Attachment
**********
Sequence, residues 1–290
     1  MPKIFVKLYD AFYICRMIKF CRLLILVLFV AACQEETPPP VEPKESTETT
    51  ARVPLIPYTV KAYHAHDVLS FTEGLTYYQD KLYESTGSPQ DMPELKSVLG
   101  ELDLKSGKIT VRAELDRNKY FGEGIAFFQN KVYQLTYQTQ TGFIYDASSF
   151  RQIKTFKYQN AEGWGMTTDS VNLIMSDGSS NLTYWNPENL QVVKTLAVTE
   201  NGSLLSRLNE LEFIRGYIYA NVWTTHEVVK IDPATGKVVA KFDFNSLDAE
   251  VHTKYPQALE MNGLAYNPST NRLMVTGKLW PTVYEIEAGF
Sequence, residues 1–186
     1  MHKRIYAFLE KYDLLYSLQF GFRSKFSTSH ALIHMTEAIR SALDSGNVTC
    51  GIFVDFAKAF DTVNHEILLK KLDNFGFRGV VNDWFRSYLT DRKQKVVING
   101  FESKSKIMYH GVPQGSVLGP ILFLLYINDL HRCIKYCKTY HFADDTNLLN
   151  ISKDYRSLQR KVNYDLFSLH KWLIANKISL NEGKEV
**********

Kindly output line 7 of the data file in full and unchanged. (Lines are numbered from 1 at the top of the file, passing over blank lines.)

   251  VHTKYPQALE MNGLAYNPST NRLMVTGKLW PTVYEIEAGF